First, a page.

The introduction of exogenous hormones and growth factors into tissues that have not evolved defensive feedback inhibition of their corresponding endogenous sources is postulated as a direct stimulatory threat to these organ systems, whether for hyperplasia or neoplasia.
Basing on a revision of existing published data, it could be concluded that maximum daily intakes for hormones are not reached through milk ingestion. Although dairy products are an important source of hormones, other products of animal origin must be considered as well for intake calculations.
Materialet er innsamlet av lege M. Greger
Kilder:

1. C. A. Adebamowo, D. Spiegelman, C. S. Berkey, F. W. Danby, H. H. Rockett, G. A. Colditz, W. C. Willett, and M. D. Holmes. Milk consumption and acne in teenaged boys. J. Am. Acad. Dermatol., 58(5):787-793, 2008.

Danby FW. Diet and acne. Clin Dermatol. 2008 Jan-Feb;26(1):93-6.

2. Misperceptions Regarding Dairy Foods: A Review of the Evidence. Dairy Council Digest. Volume 81, Number 1 January/February 2010.

Adebamowo CA, Spiegelman D, Danby FW, Frazier AL, Willett WC, Holmes MD. High school dietary dairy intake and teenage acne. J Am Acad Dermatol. 2005 Feb;52(2):207-14.

Danby FW. Acne and milk, the diet myth, and beyond. J Am Acad Dermatol. 2005 Feb;52(2):360-2.

Adebamowo CA, Spiegelman D, Berkey CS, Danby FW, Rockett HH, Colditz GA, Willett WC, Holmes MD. Milk consumption and acne in teenaged boys. J Am Acad Dermatol. 2008 May;58(5):787-93.

3. Melnik BC. Evidence for acne-promoting effects of milk and other insulinotropic dairy products. Nestle Nutr Workshop Ser Pediatr Program. 2011;67:131-45.

4. Adebamowo CA, Spiegelman D, Danby FW, Frazier AL, Willett WC, Holmes MD. High school dietary dairy intake and teenage acne. J Am Acad Dermatol. 2005 Feb;52(2):207-14.

Danby FW. Acne and milk, the diet myth, and beyond. J Am Acad Dermatol. 2005 Feb;52(2):360-2.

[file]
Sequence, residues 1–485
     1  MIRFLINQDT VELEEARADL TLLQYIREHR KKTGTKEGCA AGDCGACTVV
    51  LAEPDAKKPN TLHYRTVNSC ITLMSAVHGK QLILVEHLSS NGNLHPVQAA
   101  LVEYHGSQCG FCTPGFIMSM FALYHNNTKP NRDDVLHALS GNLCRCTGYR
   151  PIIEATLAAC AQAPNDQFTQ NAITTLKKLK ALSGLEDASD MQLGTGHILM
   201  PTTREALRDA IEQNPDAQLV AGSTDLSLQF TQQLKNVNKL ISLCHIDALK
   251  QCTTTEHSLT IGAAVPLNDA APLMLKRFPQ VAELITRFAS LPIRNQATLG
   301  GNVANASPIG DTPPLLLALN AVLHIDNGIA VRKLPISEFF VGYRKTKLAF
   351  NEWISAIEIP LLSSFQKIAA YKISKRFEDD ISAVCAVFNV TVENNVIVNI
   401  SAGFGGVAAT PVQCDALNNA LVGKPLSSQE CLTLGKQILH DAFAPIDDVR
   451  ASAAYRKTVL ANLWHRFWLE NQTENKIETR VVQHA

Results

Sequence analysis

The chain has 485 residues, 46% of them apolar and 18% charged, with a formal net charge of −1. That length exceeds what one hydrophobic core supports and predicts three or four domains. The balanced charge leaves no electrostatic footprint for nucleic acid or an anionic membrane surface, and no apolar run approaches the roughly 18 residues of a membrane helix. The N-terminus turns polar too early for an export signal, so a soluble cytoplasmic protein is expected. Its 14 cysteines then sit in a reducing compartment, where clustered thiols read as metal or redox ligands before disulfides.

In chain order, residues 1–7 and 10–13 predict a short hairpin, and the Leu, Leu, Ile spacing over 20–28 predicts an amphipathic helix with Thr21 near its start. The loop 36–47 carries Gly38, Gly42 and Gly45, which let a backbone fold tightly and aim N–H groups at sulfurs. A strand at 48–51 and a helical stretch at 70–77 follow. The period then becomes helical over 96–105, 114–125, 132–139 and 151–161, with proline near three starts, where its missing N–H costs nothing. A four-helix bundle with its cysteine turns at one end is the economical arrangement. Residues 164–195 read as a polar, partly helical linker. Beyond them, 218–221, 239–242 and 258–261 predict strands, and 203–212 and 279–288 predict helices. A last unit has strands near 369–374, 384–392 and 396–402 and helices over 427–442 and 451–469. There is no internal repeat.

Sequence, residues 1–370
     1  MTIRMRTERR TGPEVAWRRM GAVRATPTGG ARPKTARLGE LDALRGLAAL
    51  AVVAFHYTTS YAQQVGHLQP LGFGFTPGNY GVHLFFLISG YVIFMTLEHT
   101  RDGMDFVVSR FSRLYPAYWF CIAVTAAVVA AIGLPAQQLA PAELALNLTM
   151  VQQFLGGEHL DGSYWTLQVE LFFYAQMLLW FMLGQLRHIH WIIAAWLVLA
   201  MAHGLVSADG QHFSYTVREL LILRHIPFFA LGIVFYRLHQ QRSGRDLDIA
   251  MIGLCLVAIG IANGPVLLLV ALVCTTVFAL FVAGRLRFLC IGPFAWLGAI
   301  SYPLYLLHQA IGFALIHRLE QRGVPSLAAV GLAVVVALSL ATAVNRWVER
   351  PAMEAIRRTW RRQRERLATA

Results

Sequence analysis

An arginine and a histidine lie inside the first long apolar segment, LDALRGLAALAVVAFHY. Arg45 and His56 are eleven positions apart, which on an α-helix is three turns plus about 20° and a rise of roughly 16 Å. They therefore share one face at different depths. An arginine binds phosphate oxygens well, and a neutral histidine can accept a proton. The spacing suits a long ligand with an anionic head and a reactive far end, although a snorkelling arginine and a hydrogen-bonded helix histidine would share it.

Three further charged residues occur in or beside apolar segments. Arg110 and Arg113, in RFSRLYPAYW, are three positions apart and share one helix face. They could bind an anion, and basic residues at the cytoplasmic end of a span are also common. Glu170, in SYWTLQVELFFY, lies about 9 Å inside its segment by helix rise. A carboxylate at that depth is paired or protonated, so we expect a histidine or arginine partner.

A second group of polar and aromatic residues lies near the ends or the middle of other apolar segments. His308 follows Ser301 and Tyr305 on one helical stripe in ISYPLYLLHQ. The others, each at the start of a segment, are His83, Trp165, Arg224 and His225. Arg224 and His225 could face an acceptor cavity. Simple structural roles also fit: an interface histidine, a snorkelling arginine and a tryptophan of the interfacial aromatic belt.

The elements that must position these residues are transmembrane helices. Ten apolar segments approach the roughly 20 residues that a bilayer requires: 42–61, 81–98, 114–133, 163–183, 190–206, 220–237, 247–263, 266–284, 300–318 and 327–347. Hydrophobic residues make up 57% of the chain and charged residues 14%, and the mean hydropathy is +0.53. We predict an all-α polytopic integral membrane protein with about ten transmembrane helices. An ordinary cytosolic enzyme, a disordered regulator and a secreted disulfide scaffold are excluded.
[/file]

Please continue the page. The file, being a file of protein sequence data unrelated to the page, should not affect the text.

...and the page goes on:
Adebamowo CA, Spiegelman D, Berkey CS, Danby FW, Rockett HH, Colditz GA, Willett WC, Holmes MD. Milk consumption and acne in adolescent girls. Dermatol Online J. 2006 May 30;12(4):1.

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B. Melnik. Milk consumption: Aggravating factor of acne and promoter of chronic diseases of western societies. J Dtsch Dermatol Ges, 7(4):364{370, 2009.

D. W. Farlow, X. Xu, and T. D. Veenstra. Quantitative measurement of endogenous estrogen metabolites, risk-factors for development of breast cancer, in commercial milk products by lc-ms/ms. J. Chromatogr. B Analyt. Technol. Biomed. Life Sci., 877(13):1327{1334, 2009.

Raloff, Janet Scientists find a soup of suspects while probing milk’s link to cancer. Science News March 28th 2009; Vol.175 #7

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B C Melnik, S M John, G Schmitz. Milk is not just food but most likely a genetic transfection system activating mTORC1 signaling for postnatal growth. Nutr J 2013 12:103.

B C Melnik. Excessive Leucine-mTORC1-Signalling of Cow Milk-Based Infant Formula: The Missing Link to Understand Early Childhood Obesity. J Obes 2012 2012:197653.

B C Melnik. Diet in acne: Further evidence for the role of nutrient signalling in acne pathogenesis. Acta Derm. Venereol. 2012 92(3):228 – 231.

B C Melnik, S M John, G Plewig. Acne: Risk indicator for increased body mass index and insulin resistance. Acta Derm Venereol. 2013 93(6):644 – 649.

B C Melnik. Dietary intervention in acne: Attenuation of increased mTORC1 signaling promoted by Western diet. Dermatoendocrinol 2012 4(1):20 – 32.

F W Danby. Turning acne on/off via mTORC1. Exp Dermatol 2013 22(7):505 – 506.

B C Melnik, C C Zouboulis. Potential role of FoxO1 and mTORC1 in the pathogenesis of Western diet-induced acne. Exp Dermatol 2013 22(5):311 – 315.

L Cordain, S Lindeberg, M Hurtado, K Hill, S B Eaton, J Brand-Miller. Acne vulgaris: A disease of Western civilization. Archives of Dermatology 2002 138(12):1584 – 1590.

B C Melnik, S M John, P Carrera-Bastos, L Cordain. The impact of cow’s milk-mediated mTORC1-signaling in the initiation and progression of prostate cancer. Nutr Metab (Lond) 2012 9(1):74.

Lionetti L, Cavaliere G, Bergamo P, Trinchese G, De Filippo C, Gifuni G, Gaita M, Pignalosa A, Donizzetti I, Putti R, Di Palo R, Barletta A, Mollica MP. Diet supplementation with donkey milk upregulates liver mitochondrial uncoupling, reduces energy efficiency and improves antioxidant and antiinflammatory defences in rats. Mol Nutr Food Res. 2012 Oct;56(10):1596-600.